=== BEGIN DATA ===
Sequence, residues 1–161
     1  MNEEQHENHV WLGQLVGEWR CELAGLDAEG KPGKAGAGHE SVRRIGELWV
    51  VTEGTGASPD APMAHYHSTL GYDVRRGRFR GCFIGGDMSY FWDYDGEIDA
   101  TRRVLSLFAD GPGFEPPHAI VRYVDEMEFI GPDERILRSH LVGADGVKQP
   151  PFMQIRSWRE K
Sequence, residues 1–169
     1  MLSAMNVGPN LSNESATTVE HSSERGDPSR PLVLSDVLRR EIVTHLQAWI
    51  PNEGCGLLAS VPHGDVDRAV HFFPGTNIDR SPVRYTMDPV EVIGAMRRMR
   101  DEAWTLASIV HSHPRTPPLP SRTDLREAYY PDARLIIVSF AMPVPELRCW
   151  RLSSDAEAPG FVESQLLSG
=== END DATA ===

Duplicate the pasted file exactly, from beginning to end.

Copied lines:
Sequence, residues 1–161
     1  MNEEQHENHV WLGQLVGEWR CELAGLDAEG KPGKAGAGHE SVRRIGELWV
    51  VTEGTGASPD APMAHYHSTL GYDVRRGRFR GCFIGGDMSY FWDYDGEIDA
   101  TRRVLSLFAD GPGFEPPHAI VRYVDEMEFI GPDERILRSH LVGADGVKQP
   151  PFMQIRSWRE K
Sequence, residues 1–169
     1  MLSAMNVGPN LSNESATTVE HSSERGDPSR PLVLSDVLRR EIVTHLQAWI
    51  PNEGCGLLAS VPHGDVDRAV HFFPGTNIDR SPVRYTMDPV EVIGAMRRMR
   101  DEAWTLASIV HSHPRTPPLP SRTDLREAYY PDARLIIVSF AMPVPELRCW
   151  RLSSDAEAPG FVESQLLSG